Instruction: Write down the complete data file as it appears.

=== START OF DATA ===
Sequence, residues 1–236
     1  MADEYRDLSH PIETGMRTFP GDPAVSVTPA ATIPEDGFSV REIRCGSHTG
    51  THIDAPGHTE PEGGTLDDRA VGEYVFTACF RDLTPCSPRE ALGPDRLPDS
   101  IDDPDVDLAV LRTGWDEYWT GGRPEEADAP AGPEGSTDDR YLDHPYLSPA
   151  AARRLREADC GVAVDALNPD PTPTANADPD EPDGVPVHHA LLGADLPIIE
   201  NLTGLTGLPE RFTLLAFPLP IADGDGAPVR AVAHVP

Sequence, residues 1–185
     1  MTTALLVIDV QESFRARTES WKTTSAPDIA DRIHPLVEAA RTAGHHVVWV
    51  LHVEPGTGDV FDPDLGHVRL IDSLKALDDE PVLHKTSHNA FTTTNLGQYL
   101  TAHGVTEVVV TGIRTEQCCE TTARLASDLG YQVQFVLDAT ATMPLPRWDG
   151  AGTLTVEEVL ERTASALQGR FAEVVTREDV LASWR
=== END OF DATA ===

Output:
Sequence, residues 1–236
     1  MADEYRDLSH PIETGMRTFP GDPAVSVTPA ATIPEDGFSV REIRCGSHTG
    51  THIDAPGHTE PEGGTLDDRA VGEYVFTACF RDLTPCSPRE ALGPDRLPDS
   101  IDDPDVDLAV LRTGWDEYWT GGRPEEADAP AGPEGSTDDR YLDHPYLSPA
   151  AARRLREADC GVAVDALNPD PTPTANADPD EPDGVPVHHA LLGADLPIIE
   201  NLTGLTGLPE RFTLLAFPLP IADGDGAPVR AVAHVP

Sequence, residues 1–185
     1  MTTALLVIDV QESFRARTES WKTTSAPDIA DRIHPLVEAA RTAGHHVVWV
    51  LHVEPGTGDV FDPDLGHVRL IDSLKALDDE PVLHKTSHNA FTTTNLGQYL
   101  TAHGVTEVVV TGIRTEQCCE TTARLASDLG YQVQFVLDAT ATMPLPRWDG
   151  AGTLTVEEVL ERTASALQGR FAEVVTREDV LASWR